According to a biographical summary in Notes and Queries, McDonogh “received a good classical education, went into the army, and travelled a good deal. Eventually he became a booksellers’ hack, and died in poverty in 1836.” (That last sentence is a remarkably dismissive takedown.) In The European Magazine, by contrast, a certain E. M. writes that McDonogh was descended “from the McDonoghs, chiefs of Corran,” and had been a childhood prodigy in Latin and Greek. He learned dancing, horsemanship and fencing from all the best masters, moved in the highest circles of society, and made the Grand Tour (learning four more languages on the way). He was “at heart a rake,” in love with every pleasure, yet had “a natural abhorrence for vice.” In short, a manly paragon!
The internet has a way of laying bare everyone’s secrets, and our Hermit is no exception. As a young officer in Aberdeen in 1802, he and seven other men of his regiment were charged with murder after they drunkenly fired on a crowd of men and boys who were pelting them with mud and straw. The regiment was celebrating the birthday of George III. Four people died and ten were injured, but the verdict was “not proven”; McDonogh testified that he thought the bullets were blanks. As the author of his biographical note dryly remarks, “I have little doubt that some account of McDonogh’s life would be interesting, if not much to his credit.”
But wait–there’s more. The Aberdeen incident happened in his youth, but as late as 1824 we find Felix McDonogh and his friend Henry Druid defending themselves in the Old Bailey. The victim, Thomas Weaver, testified:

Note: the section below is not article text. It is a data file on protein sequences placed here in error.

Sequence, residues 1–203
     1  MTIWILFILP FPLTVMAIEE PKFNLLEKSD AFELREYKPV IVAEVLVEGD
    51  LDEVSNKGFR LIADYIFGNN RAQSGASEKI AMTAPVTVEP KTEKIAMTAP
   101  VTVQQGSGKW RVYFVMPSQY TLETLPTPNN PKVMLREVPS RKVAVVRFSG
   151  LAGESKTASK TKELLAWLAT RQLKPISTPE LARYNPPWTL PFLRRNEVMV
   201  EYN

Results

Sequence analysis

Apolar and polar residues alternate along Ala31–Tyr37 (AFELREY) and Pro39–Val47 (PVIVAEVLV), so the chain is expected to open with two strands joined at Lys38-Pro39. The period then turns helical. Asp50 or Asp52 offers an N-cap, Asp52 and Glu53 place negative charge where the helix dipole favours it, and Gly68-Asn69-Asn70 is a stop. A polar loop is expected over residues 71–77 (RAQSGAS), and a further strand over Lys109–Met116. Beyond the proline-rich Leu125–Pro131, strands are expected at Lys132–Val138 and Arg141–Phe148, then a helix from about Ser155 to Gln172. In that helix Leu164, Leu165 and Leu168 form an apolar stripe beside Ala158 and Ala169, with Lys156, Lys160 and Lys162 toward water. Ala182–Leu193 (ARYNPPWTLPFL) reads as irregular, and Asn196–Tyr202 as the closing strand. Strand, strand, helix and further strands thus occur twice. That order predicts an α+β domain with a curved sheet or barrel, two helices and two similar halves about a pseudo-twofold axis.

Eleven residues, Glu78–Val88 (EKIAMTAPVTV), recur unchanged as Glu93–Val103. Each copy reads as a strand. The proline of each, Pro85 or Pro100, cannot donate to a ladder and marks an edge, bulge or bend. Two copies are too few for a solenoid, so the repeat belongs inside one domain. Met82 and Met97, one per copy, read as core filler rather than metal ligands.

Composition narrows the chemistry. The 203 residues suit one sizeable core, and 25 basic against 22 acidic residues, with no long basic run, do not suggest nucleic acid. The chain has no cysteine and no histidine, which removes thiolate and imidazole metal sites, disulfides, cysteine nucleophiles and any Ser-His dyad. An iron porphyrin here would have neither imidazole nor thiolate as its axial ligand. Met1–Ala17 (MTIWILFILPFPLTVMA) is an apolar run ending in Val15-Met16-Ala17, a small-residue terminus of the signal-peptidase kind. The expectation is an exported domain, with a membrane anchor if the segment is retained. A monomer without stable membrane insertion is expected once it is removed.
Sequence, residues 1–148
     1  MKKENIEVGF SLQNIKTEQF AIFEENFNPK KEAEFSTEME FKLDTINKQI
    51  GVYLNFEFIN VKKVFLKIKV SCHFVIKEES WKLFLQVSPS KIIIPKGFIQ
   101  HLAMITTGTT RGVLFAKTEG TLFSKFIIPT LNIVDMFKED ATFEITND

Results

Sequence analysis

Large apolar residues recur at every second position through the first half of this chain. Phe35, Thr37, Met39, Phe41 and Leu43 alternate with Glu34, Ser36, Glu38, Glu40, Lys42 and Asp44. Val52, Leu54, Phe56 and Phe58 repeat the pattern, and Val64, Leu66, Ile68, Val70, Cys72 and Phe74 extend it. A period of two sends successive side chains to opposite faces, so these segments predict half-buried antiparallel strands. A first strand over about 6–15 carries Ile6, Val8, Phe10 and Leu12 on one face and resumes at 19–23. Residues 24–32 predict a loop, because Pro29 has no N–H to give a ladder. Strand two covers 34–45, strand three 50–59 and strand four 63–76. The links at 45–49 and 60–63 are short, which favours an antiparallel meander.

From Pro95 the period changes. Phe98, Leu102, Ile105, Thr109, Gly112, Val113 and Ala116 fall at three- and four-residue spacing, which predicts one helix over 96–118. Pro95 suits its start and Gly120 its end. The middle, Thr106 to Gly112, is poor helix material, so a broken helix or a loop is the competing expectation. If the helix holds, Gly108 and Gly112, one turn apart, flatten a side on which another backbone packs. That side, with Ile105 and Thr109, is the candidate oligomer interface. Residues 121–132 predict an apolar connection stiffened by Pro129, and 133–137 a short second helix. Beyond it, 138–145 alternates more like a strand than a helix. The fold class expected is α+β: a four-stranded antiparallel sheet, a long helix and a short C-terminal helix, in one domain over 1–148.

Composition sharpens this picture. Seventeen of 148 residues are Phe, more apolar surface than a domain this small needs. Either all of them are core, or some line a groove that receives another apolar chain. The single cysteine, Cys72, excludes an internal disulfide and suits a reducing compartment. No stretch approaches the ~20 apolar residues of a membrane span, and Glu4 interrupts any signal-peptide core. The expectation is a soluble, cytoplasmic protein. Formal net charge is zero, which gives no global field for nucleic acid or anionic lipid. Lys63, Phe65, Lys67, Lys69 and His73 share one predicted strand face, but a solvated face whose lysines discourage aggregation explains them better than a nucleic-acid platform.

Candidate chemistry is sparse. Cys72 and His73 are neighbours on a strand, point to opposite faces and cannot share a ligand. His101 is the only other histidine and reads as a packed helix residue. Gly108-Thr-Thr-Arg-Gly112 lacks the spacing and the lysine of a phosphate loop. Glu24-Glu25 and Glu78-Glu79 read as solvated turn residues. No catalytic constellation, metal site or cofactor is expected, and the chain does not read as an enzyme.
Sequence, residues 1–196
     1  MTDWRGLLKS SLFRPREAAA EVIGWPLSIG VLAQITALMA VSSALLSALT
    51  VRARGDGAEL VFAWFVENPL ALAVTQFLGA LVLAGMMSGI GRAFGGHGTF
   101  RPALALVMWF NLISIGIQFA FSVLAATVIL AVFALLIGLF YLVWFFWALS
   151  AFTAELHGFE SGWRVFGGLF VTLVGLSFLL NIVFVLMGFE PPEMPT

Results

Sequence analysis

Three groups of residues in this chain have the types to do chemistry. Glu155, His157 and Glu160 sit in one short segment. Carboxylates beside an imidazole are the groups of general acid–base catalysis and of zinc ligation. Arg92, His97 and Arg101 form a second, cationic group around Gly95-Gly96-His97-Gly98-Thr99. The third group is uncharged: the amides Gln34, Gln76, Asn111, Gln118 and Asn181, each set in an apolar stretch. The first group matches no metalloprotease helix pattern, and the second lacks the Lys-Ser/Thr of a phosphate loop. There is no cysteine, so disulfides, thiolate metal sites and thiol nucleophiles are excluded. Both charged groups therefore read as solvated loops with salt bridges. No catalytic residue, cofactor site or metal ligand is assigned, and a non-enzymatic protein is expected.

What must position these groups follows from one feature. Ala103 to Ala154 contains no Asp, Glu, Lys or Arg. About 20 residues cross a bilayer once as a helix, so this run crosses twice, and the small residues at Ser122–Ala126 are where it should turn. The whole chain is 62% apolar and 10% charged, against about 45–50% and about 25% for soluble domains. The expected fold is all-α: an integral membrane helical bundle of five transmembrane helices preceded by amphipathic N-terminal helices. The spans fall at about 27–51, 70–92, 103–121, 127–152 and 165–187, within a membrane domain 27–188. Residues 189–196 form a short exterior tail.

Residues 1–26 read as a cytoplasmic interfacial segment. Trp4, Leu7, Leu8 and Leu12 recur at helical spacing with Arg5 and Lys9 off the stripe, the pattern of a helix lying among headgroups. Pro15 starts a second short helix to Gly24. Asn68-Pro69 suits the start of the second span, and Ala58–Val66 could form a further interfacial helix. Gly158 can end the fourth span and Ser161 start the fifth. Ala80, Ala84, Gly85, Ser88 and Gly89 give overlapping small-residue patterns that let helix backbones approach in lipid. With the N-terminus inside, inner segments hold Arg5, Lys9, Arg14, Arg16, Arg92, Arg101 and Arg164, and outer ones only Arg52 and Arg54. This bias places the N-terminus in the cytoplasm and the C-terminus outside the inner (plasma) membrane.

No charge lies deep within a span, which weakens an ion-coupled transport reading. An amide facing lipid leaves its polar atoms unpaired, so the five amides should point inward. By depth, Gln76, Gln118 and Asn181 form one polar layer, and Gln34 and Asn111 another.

On the 29th of June I was at The Royal Saloon, Piccadilly, and made some observation upon “The Hermit in London”; the prisoners were there. Druid said that his friend on the left was the author of that work – upon that we entered into conversation on the nature of the work, and I asked him to drink some wine, which he did – this was about twelve o’clock at night: the Saloon is a tavern. Captain Duncan, (as the prisoner M’Donough was called) gave me an invitation to go and see him; his address was “Captain Duncan, Petersburg-hotel, Dover-street” – Druid gave his address “Mr. Jones, No. 15, Newland-street, Kensington.” I have enquired at Kensington, and could not find that such a person lived there. I left the Saloon in company with both the prisoners – I was not drunk: I was elevated with wine, but not so much but that I knew what I was about. We had a coach…
Weaver shared a ride with the two men, and afterwards discovered that he had been relieved of his watch and a wallet containing 100 pounds. Both McDonogh and Druid were living under assumed names, which suggests a certain impurity in their motives, but despite this, the pair were acquitted.
In the dedication to The Wandering Hermit, McDonogh delicately alludes to the reasons he keeps his identity secret; he speaks of “my history and my wrongs,” circumstances which have rendered his life a melancholy one. He hopes that his friend J. W. Lake, who edited the book series, will remember him “as he was, and not as he might have been.”
Above all, his wanderings through life “have not been without observation”; he has seen, and remembered, and noted down everything.